Thesis defence I. Papapetridis: ethanol

14 June 2018 10:00 - Location: Aula, TU Delft - By: webredactie

Optimizing ethanol yield in Saccharomyces cerevisiae fermentations by engineering redox metabolism. Promotor 1: Prof.dr. J.T. Pronk (TNW); Promotor 2: A.J.A. van Maris (KTH Sweden).

Mankind’s increasing energy demands require a shift of the current, oil-powered, economy to more sustainable energy sources. Biofuels offer a lower carbon footprint than fossil fuels, in combination with compatibility with current internal combustion engine technology. Bioethanol is, by-volume, the biofuel with the highest annual production, with an estimated 100 billion liters produced annually. This biofuel is currently produced by microbial fermentation of simple sugars (1st generation) or agricultural waste (2nd generation) using baker’s yeast. In these processes, the feedstock represents the largest cost contributor. To improve process economics, a maximization of the ethanol yield on used feedstock is of paramount importance. In this thesis, modern genetic engineering tools were used to modify the metabolism of this yeast, in order to generate variants with increased ethanol yield. Two concepts, based on previous TU Delft findings, were optimized for transfer to industrial processes. The first one was based on the optimization of CO2 fixation by yeast, using enzymes derived from a plant (spinach), autotrophic bacteria and Escherichia coli. The second was based on the optimization of acetic acid reduction, a common yeast inhibitor present in agricultural waste, to generate more ethanol and detoxify fermentation media. The optimized concepts presented in this thesis should be directly transferable to industrial strains and processes in order to improve industrial bioethanol production.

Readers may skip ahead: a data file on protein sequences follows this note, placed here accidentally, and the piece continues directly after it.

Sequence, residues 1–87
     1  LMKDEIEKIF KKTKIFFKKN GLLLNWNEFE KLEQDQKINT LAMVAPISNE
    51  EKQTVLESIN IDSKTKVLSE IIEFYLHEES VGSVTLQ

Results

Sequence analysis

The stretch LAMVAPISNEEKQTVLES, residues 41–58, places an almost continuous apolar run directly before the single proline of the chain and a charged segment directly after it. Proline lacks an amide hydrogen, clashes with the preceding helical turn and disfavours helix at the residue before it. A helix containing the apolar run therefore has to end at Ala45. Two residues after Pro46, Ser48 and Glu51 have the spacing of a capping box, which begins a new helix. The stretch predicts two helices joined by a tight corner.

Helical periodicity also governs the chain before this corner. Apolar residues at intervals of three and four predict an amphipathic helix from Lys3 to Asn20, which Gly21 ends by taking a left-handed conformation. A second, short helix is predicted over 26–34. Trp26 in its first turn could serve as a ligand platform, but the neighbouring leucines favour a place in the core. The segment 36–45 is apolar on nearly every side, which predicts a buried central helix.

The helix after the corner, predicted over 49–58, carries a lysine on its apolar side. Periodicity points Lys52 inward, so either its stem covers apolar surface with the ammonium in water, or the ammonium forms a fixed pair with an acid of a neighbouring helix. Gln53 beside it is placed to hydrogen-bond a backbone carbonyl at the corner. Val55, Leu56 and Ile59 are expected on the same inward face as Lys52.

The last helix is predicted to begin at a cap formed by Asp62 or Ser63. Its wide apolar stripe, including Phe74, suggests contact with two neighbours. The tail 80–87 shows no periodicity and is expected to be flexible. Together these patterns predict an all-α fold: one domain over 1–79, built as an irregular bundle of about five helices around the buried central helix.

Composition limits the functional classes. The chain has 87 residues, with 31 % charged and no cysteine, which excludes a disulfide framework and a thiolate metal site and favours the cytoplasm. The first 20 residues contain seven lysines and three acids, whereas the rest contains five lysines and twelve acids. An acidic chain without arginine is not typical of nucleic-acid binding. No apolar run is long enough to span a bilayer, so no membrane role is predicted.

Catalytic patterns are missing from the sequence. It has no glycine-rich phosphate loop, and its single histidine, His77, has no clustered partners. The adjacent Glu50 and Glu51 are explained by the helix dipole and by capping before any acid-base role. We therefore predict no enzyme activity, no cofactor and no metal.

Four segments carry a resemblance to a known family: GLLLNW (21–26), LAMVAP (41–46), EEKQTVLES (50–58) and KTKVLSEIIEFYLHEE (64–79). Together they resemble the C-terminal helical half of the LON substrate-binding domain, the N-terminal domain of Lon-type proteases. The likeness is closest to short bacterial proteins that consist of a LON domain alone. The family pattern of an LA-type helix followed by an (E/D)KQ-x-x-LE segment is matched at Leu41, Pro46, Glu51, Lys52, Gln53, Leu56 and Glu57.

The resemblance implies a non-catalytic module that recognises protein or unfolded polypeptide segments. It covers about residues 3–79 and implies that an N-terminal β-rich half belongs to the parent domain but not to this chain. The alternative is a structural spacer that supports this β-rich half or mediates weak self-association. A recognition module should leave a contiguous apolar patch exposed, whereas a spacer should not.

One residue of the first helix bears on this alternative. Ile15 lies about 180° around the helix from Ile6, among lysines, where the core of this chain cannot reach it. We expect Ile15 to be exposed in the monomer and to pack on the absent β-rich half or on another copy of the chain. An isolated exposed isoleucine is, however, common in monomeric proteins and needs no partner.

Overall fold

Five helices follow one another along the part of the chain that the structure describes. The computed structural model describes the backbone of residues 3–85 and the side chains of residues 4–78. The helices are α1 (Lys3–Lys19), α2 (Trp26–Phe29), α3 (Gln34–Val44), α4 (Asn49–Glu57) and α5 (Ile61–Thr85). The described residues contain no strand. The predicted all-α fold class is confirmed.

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For access to theses by the PhD students you can have a look in TU Delft Repository, the digital storage of publications of TU Delft. Theses will be available within a few weeks after the actual thesis defence.